Wandering Thoughts archives


Why it makes sense for true and false to ignore their arguments

It's standard when writing Unix command line programs to make them check their arguments and complain if the usage is incorrect. It's reasonably common to do this even for programs that don't take options or positional arguments. After all, if your command is supposed to take no arguments, it's really an error if someone runs it and gives it arguments.

(Not all scripts, programs, and so on actually check this, because you usually have to go at least a little bit out of your way to look at the argument count. But it's the kind of minor nit you might get code review comments about, or an issue report.)

true and false are an exception to this, in that they more or less completely ignore any arguments given to them. Part of this behavior is historical; the V7 /bin/true and /bin/false were extremely minimal, and when you're being minimal it's easiest to not even look at the arguments. But beyond the history, I think that this is perfectly sensible behavior for true and false because it makes them universal substitutes for other commands, for when you want to null out a command so that it does nothing.

Want to make a command do nothing but always succeed? Simple: 'mv command command.real; ln -s /bin/true command'. Want to do the same thing but have the command always fail? Use false instead of true. Sure, you can do the same thing with shell scripts that deliberately ignore the arguments and just do 'exit 0' or 'exit 1', but this is a little bit simpler and matches the historical behavior.

(You can also do this in shell scripts as a way of creating a 'don't actually do anything' mode, but there are probably better patterns there.)

On that note, it's interesting to note that although GNU true and false have command line options that will cause them to produce output, there is no way to get them to return the wrong exit status. And while they respond to --help and --version, they silently ignore other options (as opposed to, say, reporting a syntax error).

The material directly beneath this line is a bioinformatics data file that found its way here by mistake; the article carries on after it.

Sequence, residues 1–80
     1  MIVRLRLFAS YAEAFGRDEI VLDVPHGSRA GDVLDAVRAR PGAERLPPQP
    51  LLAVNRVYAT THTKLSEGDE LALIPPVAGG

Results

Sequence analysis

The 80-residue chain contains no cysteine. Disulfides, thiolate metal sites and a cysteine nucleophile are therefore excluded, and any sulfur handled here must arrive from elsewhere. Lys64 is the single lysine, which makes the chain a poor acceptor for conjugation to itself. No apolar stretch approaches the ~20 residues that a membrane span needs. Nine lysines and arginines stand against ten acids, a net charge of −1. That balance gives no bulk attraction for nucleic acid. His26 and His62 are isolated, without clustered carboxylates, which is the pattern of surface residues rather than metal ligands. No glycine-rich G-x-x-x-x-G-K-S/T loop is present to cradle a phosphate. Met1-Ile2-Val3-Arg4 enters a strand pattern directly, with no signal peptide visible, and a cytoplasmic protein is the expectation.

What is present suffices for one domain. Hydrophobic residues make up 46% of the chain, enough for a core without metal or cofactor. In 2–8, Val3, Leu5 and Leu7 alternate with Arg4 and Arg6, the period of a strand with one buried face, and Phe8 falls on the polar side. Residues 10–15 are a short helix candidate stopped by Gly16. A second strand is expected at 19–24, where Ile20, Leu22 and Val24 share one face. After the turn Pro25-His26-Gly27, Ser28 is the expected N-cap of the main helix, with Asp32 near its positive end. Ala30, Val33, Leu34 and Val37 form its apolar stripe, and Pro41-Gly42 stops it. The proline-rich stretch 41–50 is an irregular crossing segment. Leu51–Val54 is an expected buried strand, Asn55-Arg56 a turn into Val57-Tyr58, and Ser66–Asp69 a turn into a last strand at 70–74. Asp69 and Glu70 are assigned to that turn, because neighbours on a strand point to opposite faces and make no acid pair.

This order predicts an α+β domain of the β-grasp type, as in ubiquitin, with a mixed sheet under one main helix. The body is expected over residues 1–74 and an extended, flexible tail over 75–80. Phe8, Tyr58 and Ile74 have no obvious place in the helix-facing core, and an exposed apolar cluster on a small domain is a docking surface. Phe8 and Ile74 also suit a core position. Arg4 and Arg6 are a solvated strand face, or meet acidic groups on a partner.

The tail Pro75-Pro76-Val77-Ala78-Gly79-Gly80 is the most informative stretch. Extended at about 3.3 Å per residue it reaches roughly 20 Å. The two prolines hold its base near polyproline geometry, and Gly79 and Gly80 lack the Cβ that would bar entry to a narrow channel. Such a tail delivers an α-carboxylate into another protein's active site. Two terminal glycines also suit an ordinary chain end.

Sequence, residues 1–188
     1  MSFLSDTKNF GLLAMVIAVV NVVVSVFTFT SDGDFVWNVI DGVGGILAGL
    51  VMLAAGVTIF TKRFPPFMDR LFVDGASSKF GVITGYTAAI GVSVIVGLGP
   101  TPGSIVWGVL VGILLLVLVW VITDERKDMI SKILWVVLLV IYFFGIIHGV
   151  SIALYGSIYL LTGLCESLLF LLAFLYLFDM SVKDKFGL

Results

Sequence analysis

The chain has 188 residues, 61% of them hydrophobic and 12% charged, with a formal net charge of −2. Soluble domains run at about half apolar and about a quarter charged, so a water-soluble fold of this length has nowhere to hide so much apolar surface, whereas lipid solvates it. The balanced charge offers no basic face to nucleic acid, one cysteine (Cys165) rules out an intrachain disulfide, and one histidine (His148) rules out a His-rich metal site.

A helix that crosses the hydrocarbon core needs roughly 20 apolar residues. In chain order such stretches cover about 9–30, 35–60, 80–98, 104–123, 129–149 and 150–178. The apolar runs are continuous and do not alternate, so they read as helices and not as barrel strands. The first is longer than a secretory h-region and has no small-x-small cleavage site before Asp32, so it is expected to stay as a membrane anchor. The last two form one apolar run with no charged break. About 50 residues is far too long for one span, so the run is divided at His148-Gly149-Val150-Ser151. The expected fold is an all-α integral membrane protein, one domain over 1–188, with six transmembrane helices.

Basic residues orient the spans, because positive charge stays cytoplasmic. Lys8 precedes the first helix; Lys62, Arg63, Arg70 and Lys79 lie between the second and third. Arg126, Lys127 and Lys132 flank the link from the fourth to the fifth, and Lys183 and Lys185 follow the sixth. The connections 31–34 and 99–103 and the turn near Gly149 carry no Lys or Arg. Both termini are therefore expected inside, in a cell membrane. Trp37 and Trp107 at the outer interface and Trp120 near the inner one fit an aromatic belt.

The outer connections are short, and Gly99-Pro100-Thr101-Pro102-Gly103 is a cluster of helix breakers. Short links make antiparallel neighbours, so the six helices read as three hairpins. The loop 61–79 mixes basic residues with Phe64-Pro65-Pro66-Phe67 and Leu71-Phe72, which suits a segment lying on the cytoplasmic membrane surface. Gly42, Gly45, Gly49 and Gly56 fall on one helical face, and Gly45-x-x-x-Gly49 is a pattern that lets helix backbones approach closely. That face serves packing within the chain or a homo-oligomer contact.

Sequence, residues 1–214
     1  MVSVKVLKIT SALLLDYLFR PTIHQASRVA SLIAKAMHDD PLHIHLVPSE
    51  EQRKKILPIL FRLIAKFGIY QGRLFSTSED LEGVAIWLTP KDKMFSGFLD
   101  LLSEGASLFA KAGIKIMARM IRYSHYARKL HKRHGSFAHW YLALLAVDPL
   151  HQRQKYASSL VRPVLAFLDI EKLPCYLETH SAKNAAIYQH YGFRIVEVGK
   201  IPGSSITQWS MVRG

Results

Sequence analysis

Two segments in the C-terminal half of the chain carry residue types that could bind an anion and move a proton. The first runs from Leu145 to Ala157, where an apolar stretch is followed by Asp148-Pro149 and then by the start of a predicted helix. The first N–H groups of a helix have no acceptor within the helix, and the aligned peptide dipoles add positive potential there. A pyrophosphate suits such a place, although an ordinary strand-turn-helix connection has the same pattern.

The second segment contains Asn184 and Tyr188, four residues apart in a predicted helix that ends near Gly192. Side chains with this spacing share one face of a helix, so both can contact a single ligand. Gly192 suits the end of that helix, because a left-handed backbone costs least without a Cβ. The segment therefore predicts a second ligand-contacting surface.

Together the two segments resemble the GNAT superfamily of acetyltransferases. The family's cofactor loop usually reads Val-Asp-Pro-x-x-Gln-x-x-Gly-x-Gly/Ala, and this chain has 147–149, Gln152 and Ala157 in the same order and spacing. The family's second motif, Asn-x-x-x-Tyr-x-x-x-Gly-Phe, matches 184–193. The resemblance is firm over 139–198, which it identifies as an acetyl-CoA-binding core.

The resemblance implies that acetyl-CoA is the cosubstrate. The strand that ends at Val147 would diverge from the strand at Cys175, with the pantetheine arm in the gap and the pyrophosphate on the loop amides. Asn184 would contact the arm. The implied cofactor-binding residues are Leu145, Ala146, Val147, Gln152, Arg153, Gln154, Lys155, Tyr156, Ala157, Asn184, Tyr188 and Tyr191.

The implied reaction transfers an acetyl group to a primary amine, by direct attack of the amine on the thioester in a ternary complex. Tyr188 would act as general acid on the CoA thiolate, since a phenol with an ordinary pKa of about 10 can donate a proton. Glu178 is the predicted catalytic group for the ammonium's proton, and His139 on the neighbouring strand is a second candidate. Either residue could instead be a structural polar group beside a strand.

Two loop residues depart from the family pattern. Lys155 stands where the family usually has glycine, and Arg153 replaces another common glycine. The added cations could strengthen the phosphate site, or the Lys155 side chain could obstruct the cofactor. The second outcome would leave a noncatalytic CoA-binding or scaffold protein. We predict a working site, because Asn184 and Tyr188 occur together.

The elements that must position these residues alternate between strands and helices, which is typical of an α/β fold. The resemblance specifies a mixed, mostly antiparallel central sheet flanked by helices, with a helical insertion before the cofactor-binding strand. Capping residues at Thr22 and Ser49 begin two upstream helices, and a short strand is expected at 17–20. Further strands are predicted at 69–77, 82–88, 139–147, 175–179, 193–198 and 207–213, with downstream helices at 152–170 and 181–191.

(This entry was sparked by Zev Weiss's mention of true in his comment on this entry.)

Sidebar: true and false in V7

In V7 Unix, true is an empty file and false is a file that is literally just 'exit 1'. Neither has a #! line at the start of the file, because that came in later. That true is empty instead of 'exit 0' saves V7 a disk block, which probably mattered back then.

unix/TrueFalseAndArguments written at 23:13:13; Add Comment

Apt-get and its irritating lack of easy selective upgrades

One of my many irritations with apt-get is that it doesn't easily allow you to only apply some of the pending updates. Sure, often you want to apply all of the updates (at least all of the unheld updates), but there are any number of cases where you want to be more selective. Sometimes you are in a rush and you want to apply only a few very urgent updates. Sometimes you want to apply updates in a specific order, updating some packages before others. Sometimes you want to apply most updates but temporarily exclude some that you consider low priority or disruptive.

With a package manager like yum (or now dnf) you can easily do either of these. If you just want to exclude some packages, you do that with '--exclude'; if you only want to upgrade some packages, you do that by supplying them as explicit arguments. And it's harmless to be a bit broad in your explicit arguments, because you're specifically only upgrading existing packages; you'll never install new ones out of nowhere.

apt-get does not support this usage as far as I can see. apt-get upgrade takes no package list and has no way of excluding some packages; it is an all or nothing operation, where the only way you have of being selective is to hold packages in advance in order to block their upgrades. In order to upgrade packages selectively, you must turn to 'apt-get install', probably with '--only-upgrade' so that you don't accidentally install new packages. And as far as I can tell this has no equivalent of yum's --exclude, so there's no easy way I can see of saying 'upgrade everything except the following packages'.

(apt-get install does at least support wildcards, or more exactly POSIX regular expressions. I don't know why they decided to use regular expressions instead of shell globbing, but it feels like a very Debian decision, especially the detail that it defaults to matching substrings.)

'apt-get install --only-upgrade PKG ...' solves about half of the problem (although clumsily) so I'm less disgruntled than I was at the start of writing this entry, but it's still not particularly great.

linux/AptGetSelectiveUpgradePain written at 01:14:06; Add Comment

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